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Since moving to Austin this past May, I have become a regular visitor to the Austin Public Library. Given the wide selection the library has due to its extensive branch exchange program, I’ve had almost no need to purchase books. However, a handful of books this year have been given a permanent home on my bookshelves. Most were Nixon biographies that came from my sister, but a few came from the Book Exchange, a used bookstore in Austin.

The greatest new (non Nixon) book in my collection is called For the Record: From Wall Street to Washington by Reagan’s first Secretary of the Treasury, Donald T. Regan. Finding it was a better argument for bookstores and capitalism than the author or his boss could ever give. And Reagan was always praising local bookstores.

Knowing that most of you are very particular about which Reagan cabinet memoirs you read, you might be asking, “Was this book as well received by critics as it was by this blogger?” Was it ever. One word reviews of praise decorate its front page; Business Weekly declared it “Explosive!” while Fortune called it “Deadly!” More words on included on the front and back pages and they all make as much sense if you think about the Reagan years enough.

Longer reviews in the first pages reveal that this book is going to get to the heart of his animosity towards Nancy Reagan, a shocking first considering the wonderful friendships between other first ladies and secretaries of the treasury. In a word, “He seriously hated Nancy Reagan,” Time magazine. Time  actually called the book “Jarring!” but like anything from Time it is all about reading between the lines.

Another inside review claims this book isn’t just the story of a Treasury Secretary and the astrology loving lady he loved to disagree with, when that’s only the first two pages. Or the other 31 pages that mention astrology. But astrology isn’t what makes this book so Deadly! and Explosive! The real culprit is tax policy.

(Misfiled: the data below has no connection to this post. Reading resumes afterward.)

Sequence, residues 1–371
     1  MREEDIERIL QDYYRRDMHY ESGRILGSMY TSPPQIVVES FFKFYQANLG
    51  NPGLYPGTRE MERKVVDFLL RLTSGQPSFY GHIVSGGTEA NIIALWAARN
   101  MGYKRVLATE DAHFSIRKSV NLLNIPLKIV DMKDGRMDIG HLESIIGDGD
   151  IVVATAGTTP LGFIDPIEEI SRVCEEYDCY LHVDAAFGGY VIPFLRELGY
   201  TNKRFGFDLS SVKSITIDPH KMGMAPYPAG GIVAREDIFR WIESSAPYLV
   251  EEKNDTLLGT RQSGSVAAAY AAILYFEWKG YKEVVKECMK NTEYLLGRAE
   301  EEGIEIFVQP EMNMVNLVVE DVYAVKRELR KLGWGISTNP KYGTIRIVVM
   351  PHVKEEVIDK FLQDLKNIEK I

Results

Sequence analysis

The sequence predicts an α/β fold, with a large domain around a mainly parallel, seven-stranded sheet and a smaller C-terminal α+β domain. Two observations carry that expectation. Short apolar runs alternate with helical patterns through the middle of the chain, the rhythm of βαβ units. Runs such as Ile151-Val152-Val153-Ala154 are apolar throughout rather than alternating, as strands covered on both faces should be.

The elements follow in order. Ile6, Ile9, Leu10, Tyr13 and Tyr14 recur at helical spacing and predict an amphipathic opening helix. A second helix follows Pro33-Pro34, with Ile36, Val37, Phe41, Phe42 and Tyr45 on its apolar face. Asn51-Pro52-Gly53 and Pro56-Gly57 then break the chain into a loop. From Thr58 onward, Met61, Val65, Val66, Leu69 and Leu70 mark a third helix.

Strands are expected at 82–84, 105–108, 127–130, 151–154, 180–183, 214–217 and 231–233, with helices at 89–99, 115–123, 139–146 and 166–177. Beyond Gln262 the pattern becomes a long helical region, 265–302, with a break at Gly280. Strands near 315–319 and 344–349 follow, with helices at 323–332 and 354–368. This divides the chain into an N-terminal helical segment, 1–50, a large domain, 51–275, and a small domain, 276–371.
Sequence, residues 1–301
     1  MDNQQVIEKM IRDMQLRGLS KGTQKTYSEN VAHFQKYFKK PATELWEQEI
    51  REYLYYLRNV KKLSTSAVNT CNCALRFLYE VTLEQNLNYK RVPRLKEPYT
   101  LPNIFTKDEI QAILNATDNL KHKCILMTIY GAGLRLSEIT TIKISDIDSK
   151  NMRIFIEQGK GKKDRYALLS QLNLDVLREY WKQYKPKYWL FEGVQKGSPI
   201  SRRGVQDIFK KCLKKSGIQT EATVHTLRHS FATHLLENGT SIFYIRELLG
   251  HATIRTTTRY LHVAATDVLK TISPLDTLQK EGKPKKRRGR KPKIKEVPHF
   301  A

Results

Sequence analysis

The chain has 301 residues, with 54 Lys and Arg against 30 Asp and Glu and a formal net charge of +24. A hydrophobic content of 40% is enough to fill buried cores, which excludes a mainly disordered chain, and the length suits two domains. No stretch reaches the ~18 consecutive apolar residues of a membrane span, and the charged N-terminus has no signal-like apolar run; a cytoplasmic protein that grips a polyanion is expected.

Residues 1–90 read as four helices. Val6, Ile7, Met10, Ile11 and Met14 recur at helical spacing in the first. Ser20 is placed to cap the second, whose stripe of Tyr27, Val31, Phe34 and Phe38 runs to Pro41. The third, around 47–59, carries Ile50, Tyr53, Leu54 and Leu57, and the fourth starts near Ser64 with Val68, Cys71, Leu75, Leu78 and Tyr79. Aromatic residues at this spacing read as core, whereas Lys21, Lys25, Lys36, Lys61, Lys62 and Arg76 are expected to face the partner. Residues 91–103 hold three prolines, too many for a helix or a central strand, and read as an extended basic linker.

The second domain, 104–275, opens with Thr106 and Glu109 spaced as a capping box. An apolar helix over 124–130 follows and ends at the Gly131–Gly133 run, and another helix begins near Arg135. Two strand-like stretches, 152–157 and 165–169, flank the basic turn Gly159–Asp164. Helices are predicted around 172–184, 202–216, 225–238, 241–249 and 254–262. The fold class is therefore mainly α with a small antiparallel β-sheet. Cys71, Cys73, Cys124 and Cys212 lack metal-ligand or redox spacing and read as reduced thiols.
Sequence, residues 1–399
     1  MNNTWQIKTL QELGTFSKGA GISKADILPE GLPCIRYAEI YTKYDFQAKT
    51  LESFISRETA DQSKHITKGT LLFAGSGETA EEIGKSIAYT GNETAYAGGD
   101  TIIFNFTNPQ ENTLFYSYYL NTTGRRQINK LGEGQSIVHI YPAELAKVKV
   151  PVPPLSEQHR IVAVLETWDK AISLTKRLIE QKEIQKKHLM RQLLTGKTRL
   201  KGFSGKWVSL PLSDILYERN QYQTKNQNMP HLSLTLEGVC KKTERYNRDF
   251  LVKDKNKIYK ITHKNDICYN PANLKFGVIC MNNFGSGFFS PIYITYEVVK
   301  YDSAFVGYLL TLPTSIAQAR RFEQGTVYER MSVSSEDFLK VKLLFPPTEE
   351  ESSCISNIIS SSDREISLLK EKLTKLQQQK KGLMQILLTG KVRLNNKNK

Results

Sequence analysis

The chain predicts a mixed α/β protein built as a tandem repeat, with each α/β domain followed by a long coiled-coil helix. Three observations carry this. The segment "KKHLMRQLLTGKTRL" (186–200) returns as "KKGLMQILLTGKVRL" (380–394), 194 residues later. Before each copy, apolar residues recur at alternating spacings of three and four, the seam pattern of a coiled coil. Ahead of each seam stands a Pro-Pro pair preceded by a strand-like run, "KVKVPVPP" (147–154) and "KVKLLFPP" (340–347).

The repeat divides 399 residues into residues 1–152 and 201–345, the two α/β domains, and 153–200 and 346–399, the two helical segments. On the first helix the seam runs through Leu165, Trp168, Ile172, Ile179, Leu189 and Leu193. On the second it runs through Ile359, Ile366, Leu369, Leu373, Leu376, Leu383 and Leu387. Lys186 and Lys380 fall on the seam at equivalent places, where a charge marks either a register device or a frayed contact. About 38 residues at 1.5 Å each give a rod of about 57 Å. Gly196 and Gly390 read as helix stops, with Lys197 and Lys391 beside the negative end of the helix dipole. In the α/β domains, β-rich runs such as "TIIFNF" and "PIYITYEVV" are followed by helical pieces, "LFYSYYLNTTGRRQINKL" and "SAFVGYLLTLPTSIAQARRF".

I will post an entire passage from the book here, so you can witness for yourself just why USA Today called it (this is the best one word book review of all time) “Spicy!” Warning: this may be too spicy for weaker readers.

“On March 15 we would decide which kind of income tax system to pursue. By June 15 we would have a detailed analysis of the tax base, with particular attention being paid to deductions and credits. We would also have an analysis of special rules for special industries: oil and gas, real estate, banking and all the others who had benefited from tax breaks. By October 15 the complete tax reform package would be ready in outline form. And by November, we would go to the President with our final recommendations.”

Spicy indeed. Just rereading it made my eyeballs burst into flames. I haven’t read of a tax reform package this caliente since the night Eisenhower spilled a bowl of his famous five alarm chili over his speech on tax legislation recommendation..

Speaking of hack writing, the book also includes a variation of my favorite line from any movie with a president, “He’s the President of the United States. He commissioned the report!” I can only hope that future presidential movies add those last four words. At least they will be included when the inevitable movie version of For the Record is released.